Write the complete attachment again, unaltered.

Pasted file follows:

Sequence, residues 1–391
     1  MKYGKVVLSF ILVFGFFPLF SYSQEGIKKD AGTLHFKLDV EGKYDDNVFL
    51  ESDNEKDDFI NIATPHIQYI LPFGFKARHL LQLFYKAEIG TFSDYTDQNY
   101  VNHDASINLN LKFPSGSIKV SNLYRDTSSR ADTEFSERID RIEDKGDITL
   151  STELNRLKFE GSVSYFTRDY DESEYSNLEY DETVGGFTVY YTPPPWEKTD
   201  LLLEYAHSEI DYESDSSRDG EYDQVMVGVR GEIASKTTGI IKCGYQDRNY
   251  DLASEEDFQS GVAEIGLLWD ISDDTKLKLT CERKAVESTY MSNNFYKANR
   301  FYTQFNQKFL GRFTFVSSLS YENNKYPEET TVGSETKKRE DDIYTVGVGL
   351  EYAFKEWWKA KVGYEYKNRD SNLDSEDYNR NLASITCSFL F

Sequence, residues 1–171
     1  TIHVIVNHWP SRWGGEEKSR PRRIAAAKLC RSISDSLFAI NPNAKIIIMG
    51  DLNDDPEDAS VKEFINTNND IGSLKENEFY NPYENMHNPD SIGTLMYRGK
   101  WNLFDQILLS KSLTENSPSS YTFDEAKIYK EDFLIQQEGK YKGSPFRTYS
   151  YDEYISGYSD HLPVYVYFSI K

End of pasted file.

Sequence, residues 1–391
     1  MKYGKVVLSF ILVFGFFPLF SYSQEGIKKD AGTLHFKLDV EGKYDDNVFL
    51  ESDNEKDDFI NIATPHIQYI LPFGFKARHL LQLFYKAEIG TFSDYTDQNY
   101  VNHDASINLN LKFPSGSIKV SNLYRDTSSR ADTEFSERID RIEDKGDITL
   151  STELNRLKFE GSVSYFTRDY DESEYSNLEY DETVGGFTVY YTPPPWEKTD
   201  LLLEYAHSEI DYESDSSRDG EYDQVMVGVR GEIASKTTGI IKCGYQDRNY
   251  DLASEEDFQS GVAEIGLLWD ISDDTKLKLT CERKAVESTY MSNNFYKANR
   301  FYTQFNQKFL GRFTFVSSLS YENNKYPEET TVGSETKKRE DDIYTVGVGL
   351  EYAFKEWWKA KVGYEYKNRD SNLDSEDYNR NLASITCSFL F

Sequence, residues 1–171
     1  TIHVIVNHWP SRWGGEEKSR PRRIAAAKLC RSISDSLFAI NPNAKIIIMG
    51  DLNDDPEDAS VKEFINTNND IGSLKENEFY NPYENMHNPD SIGTLMYRGK
   101  WNLFDQILLS KSLTENSPSS YTFDEAKIYK EDFLIQQEGK YKGSPFRTYS
   151  YDEYISGYSD HLPVYVYFSI K